Gophers head to Iowa with Tanner Morgan still at quarterback, but a very different offense than last time

The juxtaposition couldn’t have been much more striking.

Tanner Morgan stood behind a podium on Tuesday, answering questions about why the Gophers offense was so ineffective in a 14-6 loss to Illinois.

Two years earlier to the day, Morgan was taking questions about his tour de force performance in the Gophers’ signature win under coach P.J. Fleck, a 31-26 thriller over No. 5 Penn State that had fans storming the field. Morgan, then a redshirt sophomore, was brilliant in that game, completing 18 of 20 passes for 339 yards and three touchdowns.

That game wasn’t an outlier, either, for Morgan or the Gophers in 2019. He set a Big Ten completions record by going 21-for-22 at Purdue, and he finished with single-season school records of 3,253 yards, a completion rate of 66% and 30 TD passes.

How things have changed for the Gophers offense two years later.

Entering Saturday’s crucial game at No. 20 Iowa, the Gophers (6-3, 4-2 Big Ten) still control their destiny in terms of winning the Big Ten’s West Division — just as they did in their 2019 visit to Kinnick Stadium — but they’ve arrived in a much different way offensively.

The Gophers run the ball 70.3% of the time, compared with 63.4% two years ago. Their 175 passes attempted this season are ahead of only Air Force, Navy and Army — service academies that use old-school triple-option attacks.

The 2019 Gophers took more risks through the air and averaged 34.1 points per game, more than eight points better than this year’s average of 25.9.

“No matter what happens, whatever teams do to you, it all comes down to finding ways to tweak things and go execute,” Morgan said. “That all starts with me … finding ways to get the ball in guys’ hands. That’s something I have to be a lot better at.”

Not everything, of course, falls on the quarterback. In the 14-10 loss to Bowling Green and last week’s defeat against Illinois, Morgan was sacked four and six times, respectively, and the offensive line, normally a rock for Minnesota, had its two worst games of the season. The running game couldn’t get going against Illinois, and the play-calling didn’t have the answers in either loss.

Fleck admitted he coached the worst game in his Gophers tenure against Bowling Green and added after the Illinois loss, “We didn’t play well, and that falls on the head coach.”

Fleck has no plans to replace Morgan, saying “absolutely, that’s without question” the senior is his starting quarterback.

More offensive productivity all around but especially in the passing game will be a necessity against Iowa, which has the nation’s seventh-best run defense (98.7 yards per game), and on Nov. 27 vs. Wisconsin, which is best in the land vs. the run (54.7). How the Gophers fare against those rivals will determine their division fate.

Big losses from 2019

What’s changed from 2019? Personnel, both on the field and in the booth; health; and offensive approach.

Two years ago, Morgan had a pair of future NFL receivers as his targets. Tyler Johnson and Rashod Bateman combined to catch 146 passes for 2,537 yards and 14 touchdowns in 2019, and both were first-team All-Big Ten selections.

Also gone from the 2019 team is offensive coordinator and quarterbacks coach Kirk Ciarrocca, a longtime Fleck confidant who left to take the offensive coordinator job at Penn State and now is an offensive analyst at West Virginia. Under Ciarrocca, Morgan posted a 15-4 record as a starter.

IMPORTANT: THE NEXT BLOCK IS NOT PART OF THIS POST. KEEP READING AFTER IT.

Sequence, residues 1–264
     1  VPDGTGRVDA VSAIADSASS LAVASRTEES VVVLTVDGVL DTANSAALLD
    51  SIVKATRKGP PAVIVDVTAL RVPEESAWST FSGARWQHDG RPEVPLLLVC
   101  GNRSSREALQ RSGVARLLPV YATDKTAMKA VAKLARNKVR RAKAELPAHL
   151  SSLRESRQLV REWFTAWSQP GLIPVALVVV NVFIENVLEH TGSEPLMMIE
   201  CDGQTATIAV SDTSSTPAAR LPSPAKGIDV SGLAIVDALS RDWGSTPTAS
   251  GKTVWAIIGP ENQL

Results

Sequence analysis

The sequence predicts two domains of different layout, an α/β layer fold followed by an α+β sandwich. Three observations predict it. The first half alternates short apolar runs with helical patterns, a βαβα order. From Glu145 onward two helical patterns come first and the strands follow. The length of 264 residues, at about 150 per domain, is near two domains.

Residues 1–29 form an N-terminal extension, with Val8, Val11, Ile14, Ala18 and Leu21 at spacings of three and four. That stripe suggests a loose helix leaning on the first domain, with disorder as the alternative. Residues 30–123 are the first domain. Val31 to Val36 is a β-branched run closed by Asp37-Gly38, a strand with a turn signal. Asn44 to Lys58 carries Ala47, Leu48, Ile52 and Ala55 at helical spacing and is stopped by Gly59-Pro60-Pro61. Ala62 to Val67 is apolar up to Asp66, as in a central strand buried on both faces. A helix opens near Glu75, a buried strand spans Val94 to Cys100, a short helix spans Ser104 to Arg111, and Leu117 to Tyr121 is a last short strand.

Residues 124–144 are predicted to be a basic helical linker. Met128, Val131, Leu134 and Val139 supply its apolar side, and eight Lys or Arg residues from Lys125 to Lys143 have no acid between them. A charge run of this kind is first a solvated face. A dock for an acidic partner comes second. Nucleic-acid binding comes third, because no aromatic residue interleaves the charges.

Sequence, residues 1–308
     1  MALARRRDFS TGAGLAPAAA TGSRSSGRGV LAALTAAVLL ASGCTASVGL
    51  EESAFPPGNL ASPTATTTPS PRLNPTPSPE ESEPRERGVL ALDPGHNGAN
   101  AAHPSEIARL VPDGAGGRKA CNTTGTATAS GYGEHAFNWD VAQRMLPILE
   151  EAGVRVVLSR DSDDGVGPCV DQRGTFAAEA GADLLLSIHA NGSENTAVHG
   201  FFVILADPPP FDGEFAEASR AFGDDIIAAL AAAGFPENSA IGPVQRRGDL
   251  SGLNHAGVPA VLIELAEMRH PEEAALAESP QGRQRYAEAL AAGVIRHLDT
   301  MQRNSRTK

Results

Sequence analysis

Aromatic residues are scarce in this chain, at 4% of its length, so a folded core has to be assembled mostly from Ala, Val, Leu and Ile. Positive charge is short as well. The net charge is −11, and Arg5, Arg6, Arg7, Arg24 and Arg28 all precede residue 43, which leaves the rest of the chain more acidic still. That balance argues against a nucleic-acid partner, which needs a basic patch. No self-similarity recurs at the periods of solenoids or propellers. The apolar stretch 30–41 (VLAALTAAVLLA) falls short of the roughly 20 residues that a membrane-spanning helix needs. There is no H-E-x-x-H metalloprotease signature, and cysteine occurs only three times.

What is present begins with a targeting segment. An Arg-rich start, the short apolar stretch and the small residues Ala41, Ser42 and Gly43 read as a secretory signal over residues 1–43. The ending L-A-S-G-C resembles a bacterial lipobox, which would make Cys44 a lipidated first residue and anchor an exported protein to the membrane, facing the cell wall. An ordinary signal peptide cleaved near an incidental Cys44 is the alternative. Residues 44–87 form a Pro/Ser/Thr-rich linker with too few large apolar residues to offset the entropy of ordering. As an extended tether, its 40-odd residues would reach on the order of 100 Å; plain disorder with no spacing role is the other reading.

Mike Sanford Jr., who coordinated offenses at Boise State, Notre Dame and Utah State, was hired by Fleck to replace Ciarrocca as co-coordinator and QB coach, splitting duties with Matt Simon, who also coaches the wide receivers. Sanford is the primary play-caller.

The Gophers went 3-4 in 2020, running the ball 61.9% of the time. This year, that number has surpassed 70%, with Sanford often using a seven-man offensive line. The run-first approach has worked well for the most part, with six games of 30 or more points and a pair of 300-plus-yard rushing games. Problem is, the offensive line had those two subpar games, the Gophers fell behind and were forced to pass, and Morgan threw two interceptions in each game.

“We have to respond better, and there’s been a formula for us to win football games,” Sanford said. “And offensively, I don’t believe that we played up to that formula.”

Could that run-heavy formula be stunting the passing game’s growth? Fleck isn’t about to abandon the run, but he stressed the need for balance.

“We had to be able to throw the football to win that [Illinois] game,” he said. “We were able to put a drive together in the 2-minute drill and come down the field and score. But we just couldn’t get enough traction with the running game to get the play-action game going, and we didn’t protect well enough.”

Health issues continue

Compounding the issues this year have been the team’s health at running back and wide receiver. Starting with Mohamed Ibrahim’s season-ending torn Achilles’ tendon in the opener, the Gophers lost their top three running backs to injury. That puts the onus on freshmen Ky Thomas and Mar’Keise Irving, who both had two 100-yard games before being shut down by Illinois.

At receiver, Chris Autman-Bell missed the first two games and most of the loss to Bowling Green. A hard hit put him in the injury tent in the third quarter vs. Illinois, though Fleck said he expects Autman-Bell to play Saturday. Other wideouts have been in and out of the lineup, too.

To Morgan, those obstacles can be overcome simply by executing the offense better, starting at Iowa.

“You can’t sit and wallow in self-pity,” he said. “You just have to go respond.”

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